KATMANDU, Nepal – An Australian climber who was left for dead on the slopes of Mount Everest but later survived has been rescued from the mountain and is in "amazing shape," his spokesman said Tuesday.
Lincoln Hall, 50, was driven to the Nepalese capital of Katmandu on Tuesday from the base camp in Tibet, China, and is being treated at a clinic, his spokesman Simon Balderstone said.
Hall had been left by members of his team near the summit who thought he had died but was later found alive by another team of climbers and helped down the mountain.
"Doctors say for what he has been through he is in amazing shape," said Balderstone, who flew to Katmandu with Hall's wife, Barbara.
Hall was being treated at a travel medicine clinic in Katmandu for frostbite to his fingers, thumb and toes, slight pulmonary edema and chest infection.
Balderstone said it could be a few days before Hall can fly back home to Australia.
Balderstone said Hall expressed no resentment about being left on the mountain and said the climber was in good spirits.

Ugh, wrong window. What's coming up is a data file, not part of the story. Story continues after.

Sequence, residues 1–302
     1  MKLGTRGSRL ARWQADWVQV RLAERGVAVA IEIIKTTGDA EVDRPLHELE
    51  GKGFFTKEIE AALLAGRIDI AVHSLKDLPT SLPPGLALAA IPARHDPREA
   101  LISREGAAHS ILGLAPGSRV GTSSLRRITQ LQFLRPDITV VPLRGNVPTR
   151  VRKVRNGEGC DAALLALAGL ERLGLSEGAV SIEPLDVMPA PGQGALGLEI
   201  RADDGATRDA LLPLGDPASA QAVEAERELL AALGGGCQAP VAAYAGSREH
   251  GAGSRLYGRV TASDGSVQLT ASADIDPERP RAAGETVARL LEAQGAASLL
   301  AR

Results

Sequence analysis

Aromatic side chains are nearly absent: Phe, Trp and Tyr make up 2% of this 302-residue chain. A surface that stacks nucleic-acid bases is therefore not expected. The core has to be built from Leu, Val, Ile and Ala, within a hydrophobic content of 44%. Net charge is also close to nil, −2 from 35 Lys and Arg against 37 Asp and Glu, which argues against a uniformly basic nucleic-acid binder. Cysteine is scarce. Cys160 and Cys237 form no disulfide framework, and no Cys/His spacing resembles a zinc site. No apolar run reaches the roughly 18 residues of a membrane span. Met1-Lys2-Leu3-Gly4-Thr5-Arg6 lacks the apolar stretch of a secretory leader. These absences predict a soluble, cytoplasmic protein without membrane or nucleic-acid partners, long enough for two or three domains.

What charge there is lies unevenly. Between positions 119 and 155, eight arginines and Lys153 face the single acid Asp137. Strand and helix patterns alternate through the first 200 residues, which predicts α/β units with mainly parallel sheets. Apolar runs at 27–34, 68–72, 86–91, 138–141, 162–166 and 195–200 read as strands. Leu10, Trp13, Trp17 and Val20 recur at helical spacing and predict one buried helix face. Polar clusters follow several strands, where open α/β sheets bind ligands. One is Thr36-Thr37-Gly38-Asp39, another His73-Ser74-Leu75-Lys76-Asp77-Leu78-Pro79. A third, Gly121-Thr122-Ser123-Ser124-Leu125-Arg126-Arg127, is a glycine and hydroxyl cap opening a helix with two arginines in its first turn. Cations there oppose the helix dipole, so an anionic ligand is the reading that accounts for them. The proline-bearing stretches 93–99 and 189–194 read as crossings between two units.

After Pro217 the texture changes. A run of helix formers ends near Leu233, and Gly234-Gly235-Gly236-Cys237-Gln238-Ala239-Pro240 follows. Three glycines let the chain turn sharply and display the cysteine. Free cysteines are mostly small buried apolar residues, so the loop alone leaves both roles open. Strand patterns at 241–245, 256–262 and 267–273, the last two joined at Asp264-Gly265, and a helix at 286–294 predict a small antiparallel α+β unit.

"We shared a joke or two, which is always a good sign," he said.
Hall fell ill at around the 28,543-foot mark on the mountain, just below the summit where oxygen levels are so low they cannot sustain life for long.
His two Sherpa guides tried to help him down, but were eventually forced to leave him in order to save themselves, and Hall was then declared dead.
Hall, who had been on a Russian-led expedition, made it to the summit of Everest but grew gravely ill from oxygen deprivation during his descent.
The morning after his guides were forced to abandon him, other climbers found him alive, prompting a rescue team to help bring Hall to safety.